A Woman’s Sexuality Should be Hers Alone

BY STEPHANIE BERTOLO

On International Women’s Day last Tuesday, we highlighted the accomplishments of countless women throughout history and called attention to the desperate need for continued progress towards gender equality. There are so many issues that women face on a daily basis solely because of their gender. One that I have personally faced time and time again is the constant control of society over a women’s sexuality and the ways in which it affects all other aspects of a woman’s life.

The persistent sexualization of my femininity was especially apparent during my time working as a gas station cashier since I was sixteen years old.

“Smile,” exclusively men would say to me and my female coworkers. This was often followed by a comment like, “You look prettier when you do.” To them, my emotions had no value in the face of my aesthetic appeal. Some people have suggested that perhaps these customers were just trying to be cheerful. But the fact of the matter is that if a woman is not smiling for whatever reason, it unsettles some men so much that they have to tell them to alter their behaviour. Why? Continue reading

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My Virginity is Mine

It was in a shopping mall bathroom.

Two girls, about 16 or 17, fixing their makeup in the bathroom mirror. One of them stops mid mascara-swipe and says excitedly to the other, “We did it last night.”

The other girl stops, lip gloss wand still in the air. “You had sex with him?”

With a nod, the girls begin to hug, smearing their makeup. But in the moment, it doesn’t matter. They are both celebrating something special, a milestone into the magical world of love.

At 19, I have only had two steady boyfriends – one of which I had never even kissed while we were together. In many ways, I could be called reserved, demure, and conservative my rituals with a boy. Hand holding first. Short hugs. Then long hugs. Pecks on the cheek, arms around the waist, and maybe, when the time is right, a first kiss. A long kiss. On the lips.

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When ‘Yes’ Means ‘No’: How to Identify Rape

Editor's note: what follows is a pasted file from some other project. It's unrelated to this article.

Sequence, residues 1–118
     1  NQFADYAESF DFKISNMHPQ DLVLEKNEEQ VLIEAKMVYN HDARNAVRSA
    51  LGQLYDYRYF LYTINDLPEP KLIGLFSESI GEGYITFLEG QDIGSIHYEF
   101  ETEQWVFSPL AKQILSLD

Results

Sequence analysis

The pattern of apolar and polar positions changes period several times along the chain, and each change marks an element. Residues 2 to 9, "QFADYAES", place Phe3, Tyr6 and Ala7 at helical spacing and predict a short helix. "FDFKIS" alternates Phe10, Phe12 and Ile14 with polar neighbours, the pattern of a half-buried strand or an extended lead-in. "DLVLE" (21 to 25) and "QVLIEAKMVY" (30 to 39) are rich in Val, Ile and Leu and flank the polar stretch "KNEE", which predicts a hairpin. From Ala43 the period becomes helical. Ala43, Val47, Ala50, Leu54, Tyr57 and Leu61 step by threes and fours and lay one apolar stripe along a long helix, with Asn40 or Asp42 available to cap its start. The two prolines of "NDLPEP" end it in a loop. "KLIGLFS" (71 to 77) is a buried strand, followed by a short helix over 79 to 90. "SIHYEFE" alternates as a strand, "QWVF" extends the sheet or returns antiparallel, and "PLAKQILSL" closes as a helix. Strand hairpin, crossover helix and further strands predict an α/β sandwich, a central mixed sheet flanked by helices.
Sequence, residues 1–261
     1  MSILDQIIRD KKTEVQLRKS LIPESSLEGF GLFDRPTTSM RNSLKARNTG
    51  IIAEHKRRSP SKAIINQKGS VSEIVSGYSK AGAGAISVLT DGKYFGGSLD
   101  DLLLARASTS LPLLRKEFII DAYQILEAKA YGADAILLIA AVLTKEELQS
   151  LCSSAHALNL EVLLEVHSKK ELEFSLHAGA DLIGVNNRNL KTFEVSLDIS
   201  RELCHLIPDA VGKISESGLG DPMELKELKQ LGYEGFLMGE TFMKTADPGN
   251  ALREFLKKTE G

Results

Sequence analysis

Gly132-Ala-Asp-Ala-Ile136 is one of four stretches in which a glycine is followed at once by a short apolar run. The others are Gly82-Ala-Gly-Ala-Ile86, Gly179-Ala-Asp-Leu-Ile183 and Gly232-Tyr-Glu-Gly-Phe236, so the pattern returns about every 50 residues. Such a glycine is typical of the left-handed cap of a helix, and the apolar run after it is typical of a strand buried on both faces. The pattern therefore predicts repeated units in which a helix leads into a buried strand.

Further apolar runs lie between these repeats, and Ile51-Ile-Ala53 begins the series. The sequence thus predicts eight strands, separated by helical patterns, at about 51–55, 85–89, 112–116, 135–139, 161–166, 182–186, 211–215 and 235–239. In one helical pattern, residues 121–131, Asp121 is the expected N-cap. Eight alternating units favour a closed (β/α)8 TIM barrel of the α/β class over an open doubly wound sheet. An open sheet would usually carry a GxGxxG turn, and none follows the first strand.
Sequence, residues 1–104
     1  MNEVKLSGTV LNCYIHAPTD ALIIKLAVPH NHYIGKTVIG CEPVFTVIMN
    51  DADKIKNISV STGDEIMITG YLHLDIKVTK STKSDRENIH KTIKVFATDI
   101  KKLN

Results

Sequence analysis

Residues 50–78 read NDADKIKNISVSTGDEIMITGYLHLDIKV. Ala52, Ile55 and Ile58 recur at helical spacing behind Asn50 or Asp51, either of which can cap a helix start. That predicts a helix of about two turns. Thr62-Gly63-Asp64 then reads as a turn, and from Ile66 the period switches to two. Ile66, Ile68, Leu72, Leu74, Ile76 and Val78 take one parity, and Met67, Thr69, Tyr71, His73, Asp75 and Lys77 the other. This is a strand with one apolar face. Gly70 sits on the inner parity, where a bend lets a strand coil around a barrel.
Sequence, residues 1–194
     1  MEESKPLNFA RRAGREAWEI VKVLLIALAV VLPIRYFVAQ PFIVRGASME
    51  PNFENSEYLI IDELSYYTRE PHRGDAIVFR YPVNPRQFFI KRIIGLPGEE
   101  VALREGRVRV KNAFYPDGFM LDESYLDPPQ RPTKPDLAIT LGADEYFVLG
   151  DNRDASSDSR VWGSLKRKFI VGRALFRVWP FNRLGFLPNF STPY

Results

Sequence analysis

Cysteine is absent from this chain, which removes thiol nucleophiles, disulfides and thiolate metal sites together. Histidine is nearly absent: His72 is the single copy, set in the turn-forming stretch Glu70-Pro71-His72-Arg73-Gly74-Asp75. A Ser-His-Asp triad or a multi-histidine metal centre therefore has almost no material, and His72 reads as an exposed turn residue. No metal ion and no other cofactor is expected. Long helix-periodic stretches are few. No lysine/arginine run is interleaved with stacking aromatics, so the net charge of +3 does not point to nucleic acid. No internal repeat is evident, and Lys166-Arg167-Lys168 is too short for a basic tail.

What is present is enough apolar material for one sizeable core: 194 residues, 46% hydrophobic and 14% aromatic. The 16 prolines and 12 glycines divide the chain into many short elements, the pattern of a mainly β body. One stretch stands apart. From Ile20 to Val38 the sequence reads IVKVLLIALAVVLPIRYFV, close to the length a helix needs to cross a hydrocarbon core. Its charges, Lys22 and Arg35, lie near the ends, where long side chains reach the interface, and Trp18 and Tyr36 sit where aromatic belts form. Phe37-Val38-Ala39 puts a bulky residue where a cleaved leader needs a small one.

By MindfulAide

Trigger Warning: themes of sexual assault

I knew him from my group of friends in high school. He was in university, he had drugs on hand that I had never heard of, and he loved to dance. One night while smoking weed with some friends he innocently asked me if I had ever been to a dark rave, and would I like to go dancing with him and his girlfriend? She seemed cool, and I would have loved to get to know her more, so I said yes. I was barely fifteen, and they were well into their twenties. We all ordered in pizza, ate, and then started drinking magic mushroom tea. Then we dropped acid. Then we popped MDMA. It is at that point things get a little fuzzy around the edges.

I remember being at the club – no idea how I got in – and eventually not being able to stand anymore. His girlfriend  disappeared; were they arguing? He gave me another alcoholic drink. I remember not being able to walk properly outside the club. After that there are flashes of some sexual acts, but I was really out of it. I remember puking into a toilet for a long time afterwards.

I woke up the next day naked in his bed. He had his clothes on. He told me that he wanted me to get out, so I got dressed and left still somewhat buzzing. I knew I had sex with him, my clothes were everywhere, and I did remember doing it. I just felt incredibly guilty. I felt as though I had cheated on my boyfriend. I felt I did something wrong. I knew I must have agreed to it because I was enjoying what I could remember… didn’t I? I never said no, did I? I must have agreed. I must have.

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VVS (Vagina Very Sensitive)

By CHelsea ricchio

All my life I’ve never been able to get my lady parts to work properly. If it wasn’t one thing it was another.

As a teenager, I could never really envision myself having sex. I think I just knew implicitly that it was going to hurt like a bitch, because how could it not? For a while I just wasn’t interested at all, but in my later years I figured that my high school boyfriend and I should do it, because that just made sense. I planned it out (very poorly, in my head) but it never happened because he broke up with me.

Post-graduation, I started dating someone new, and on my 18th birthday he decided that, as my gift, we should have sex. You know, to make me a woman and all that. We’d been dating for about 2 and a half months, which to me at that time was nothing. I didn’t really want to, but I felt pressured and I wanted to ‘get it over with’ so I agreed.

Big mistake.

I will never forget how painful it was those first few times we tried. I’m not even kidding you, we were not even CLOSE to being successful but I screamed so loud you would think that I was being stabbed to death. Which is exactly what it felt like.

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I Feel Pretty, and It Means Nothing

By CHelsea ricchio

Originally posted on tumblr here on June 26, 2014.

Lately I’ve felt very comfortable in my own skin. Most days I even feel pretty. Part of this is simply due to finally perfecting the art of making myself look good. I know exactly which clothes flatter my body and personality, I know exactly what kind of makeup looks good on me, I know exactly how to do my hair, and I rarely stray from that path. But when I do that I feel prettier than I used to. Like I am “enough”. I used to feel like it wasn’t enough to just be kind of cute – I had to be cute and pretty and beautiful and hot and sexy all at once, and I was maybe only two of those things at best.

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